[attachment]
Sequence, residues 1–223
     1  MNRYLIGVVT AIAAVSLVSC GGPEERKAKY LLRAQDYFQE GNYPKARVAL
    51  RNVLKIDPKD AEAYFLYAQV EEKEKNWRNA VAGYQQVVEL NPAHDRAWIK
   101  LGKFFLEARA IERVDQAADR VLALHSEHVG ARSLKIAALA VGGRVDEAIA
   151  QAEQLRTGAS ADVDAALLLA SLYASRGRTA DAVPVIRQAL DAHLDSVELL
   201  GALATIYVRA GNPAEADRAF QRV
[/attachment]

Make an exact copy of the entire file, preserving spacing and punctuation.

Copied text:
Sequence, residues 1–223
     1  MNRYLIGVVT AIAAVSLVSC GGPEERKAKY LLRAQDYFQE GNYPKARVAL
    51  RNVLKIDPKD AEAYFLYAQV EEKEKNWRNA VAGYQQVVEL NPAHDRAWIK
   101  LGKFFLEARA IERVDQAADR VLALHSEHVG ARSLKIAALA VGGRVDEAIA
   151  QAEQLRTGAS ADVDAALLLA SLYASRGRTA DAVPVIRQAL DAHLDSVELL
   201  GALATIYVRA GNPAEADRAF QRV